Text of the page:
Relevant findings are also found within GLOSSARI, a project about Georgia’s university system (USA), which suggests an evaluation of international programmes abroad not only in relation to institutional indicators (e.g., enrolment and resources to support student mobility), but also concerning an examination of the acquired knowledge [31,32]. Initially, the project aimed at comparing different cohorts of students who went abroad or stayed at home. Different academic (programme and support) and mobility (length of stay and destination) variables were taken into account when examining how those learnings that happened during the ISM (in relation to functional knowledge, global interdependence, cultural relativism, verbal perspicacity, global geography, interpersonal adaptation, and cultural sensitivity) had impacted the participants’ academic results and their subsequent professional trajectories. The results confirm the impact of ISM on all the examined areas.

1.2. Career Development in ISM

The impact of ISM on participants’ professional development has been examined with a focus on the results, in terms of employment, and/or the process of employability and career management. Savickas [47] points at the importance of building a career based on the creation of an occupational identity. The author emphasises the relevance of reflecting upon one’s professional trajectories in order to reach a significant career. Savickas et al. [48] explain that, in the current professional market, people need to be able to (re)adjust and adapt to new and changing circumstances, which requires constant learning and development.
Studies like that by Jon et al. [2] show that people who study abroad develop not only a greater understanding of themselves, but also the ability to explore, discover, and move forward when facing different challenges and working on their (future) careers. In this sense, the authors state that ISM helped participants to know more about themselves, to experiment within the context, and to face different problems, all of which gave form to their professional careers. The relationship between ISM and the labour market has been analysed from different perspectives: the transition to the professional market, career advancement, and employers’ perspectives [5,49,50,51,52,53,54]. In a systematic review, Waibel et al. [55] found that, generally, participants believe that studying abroad improved their transition to the work market. In this line, Roy et al. [5] declared that participating in an international experience increased the chances of finding a job.
Different investigations have examined the relationship between mobility and subsequent employability as perceived by employers [52,56,57]. In general, findings suggest that having some international experience is appreciated by employers. This information is important for both home and host countries, especially when it comes to developing countries that are currently investing in human training [45,52,58]. Studies like those by Trooboff et al. [59] and Jacobs [56] confirm the value of ISM. Employers seem to take into account people’s international experiences when making recruitment decisions. In particular, Jacobs [56] explains that the ISM gave an advantage in the labour market to participants in the study (Indian returnees). Singh [60] and Singh et al. [61] conclude that their Chinese participants who graduated from foreign institutions obtained some human, cultural, psychological, and identity capital that helped them find jobs once they returned to China.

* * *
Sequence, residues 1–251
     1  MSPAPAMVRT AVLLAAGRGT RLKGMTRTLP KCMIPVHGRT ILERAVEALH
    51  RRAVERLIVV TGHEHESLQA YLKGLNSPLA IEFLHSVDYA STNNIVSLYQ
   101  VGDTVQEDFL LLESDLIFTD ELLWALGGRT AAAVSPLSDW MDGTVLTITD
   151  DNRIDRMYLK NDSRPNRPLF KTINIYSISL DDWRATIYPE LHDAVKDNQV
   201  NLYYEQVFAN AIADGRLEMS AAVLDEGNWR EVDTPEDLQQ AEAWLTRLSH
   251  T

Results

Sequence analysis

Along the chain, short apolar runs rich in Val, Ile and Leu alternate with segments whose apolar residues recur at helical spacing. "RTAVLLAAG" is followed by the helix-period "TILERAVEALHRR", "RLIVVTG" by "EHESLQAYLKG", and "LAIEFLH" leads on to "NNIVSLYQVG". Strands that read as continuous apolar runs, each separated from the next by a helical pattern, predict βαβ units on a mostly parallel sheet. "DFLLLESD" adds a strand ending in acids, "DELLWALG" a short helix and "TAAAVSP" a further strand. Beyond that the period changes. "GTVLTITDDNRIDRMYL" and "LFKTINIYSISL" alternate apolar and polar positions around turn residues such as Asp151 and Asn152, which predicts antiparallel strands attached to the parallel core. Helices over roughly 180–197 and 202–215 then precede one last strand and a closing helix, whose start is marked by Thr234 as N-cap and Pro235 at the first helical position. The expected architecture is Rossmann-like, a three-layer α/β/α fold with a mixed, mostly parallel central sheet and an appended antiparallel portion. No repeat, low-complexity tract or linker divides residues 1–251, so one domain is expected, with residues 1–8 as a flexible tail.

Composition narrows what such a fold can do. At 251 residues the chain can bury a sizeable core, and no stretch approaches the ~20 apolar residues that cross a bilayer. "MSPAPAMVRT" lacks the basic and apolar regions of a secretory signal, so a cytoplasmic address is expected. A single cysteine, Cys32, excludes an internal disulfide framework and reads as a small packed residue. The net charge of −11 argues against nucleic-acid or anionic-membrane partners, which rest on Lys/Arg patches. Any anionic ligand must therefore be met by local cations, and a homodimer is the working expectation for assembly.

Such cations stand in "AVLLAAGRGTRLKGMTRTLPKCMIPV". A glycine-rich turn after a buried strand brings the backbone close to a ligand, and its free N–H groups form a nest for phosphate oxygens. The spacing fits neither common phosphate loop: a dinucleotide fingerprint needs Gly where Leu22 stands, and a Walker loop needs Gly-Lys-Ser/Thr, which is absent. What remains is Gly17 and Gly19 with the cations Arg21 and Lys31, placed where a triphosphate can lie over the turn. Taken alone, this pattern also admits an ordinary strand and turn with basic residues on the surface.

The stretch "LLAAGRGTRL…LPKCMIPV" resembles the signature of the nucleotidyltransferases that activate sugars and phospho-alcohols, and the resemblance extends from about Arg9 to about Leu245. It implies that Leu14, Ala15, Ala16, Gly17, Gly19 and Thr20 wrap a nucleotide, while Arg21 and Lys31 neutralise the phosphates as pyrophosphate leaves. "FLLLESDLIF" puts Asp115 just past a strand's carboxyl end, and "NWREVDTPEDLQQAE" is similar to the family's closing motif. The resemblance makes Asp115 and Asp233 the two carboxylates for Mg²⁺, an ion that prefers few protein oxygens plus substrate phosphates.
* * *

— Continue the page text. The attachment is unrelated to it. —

Altogether, it is important to note that, apart from developing different intercultural competences, the challenges undergone during an international experience contribute to the acquisition of key competences that are often required in the labour market. Geyer et al. [30] compared a group who studied abroad to one that stayed at home, and they confirmed that being abroad had a significantly positive impact on the participants’ leadership skills and professional aspirations. Ruth et al. [62] conducted a study with graduate students who declared that the mobility influenced different factors related to academic and professional success (e.g., professional connections, key competences, global view, and personal growth).
Researchers have also investigated the impact of mobility in terms of the process; that is, how the ISM influenced participants’ professional and vital aspirations and expectations [2,5,19,63]. Paige et al. [33] examined the long-term impact of a short-term experience in relation to the participants’ professional choices. The authors found that participation in ISM influenced the students’ subsequent decisions on occupation and career. Nonetheless, even though a short-term (credit) mobility may influence students’ decisions when looking for a new position, it has not been associated with greater employability or larger salaries in the long run, which contrasts with results found in relation to degree mobility [64,65]. That is why, as Sadeghi et al. [24] rationalise, it is very important to differentiate credit mobility (one or two semesters abroad) from degree mobility (at least one year abroad) when revising the findings related to ISM and the labour market.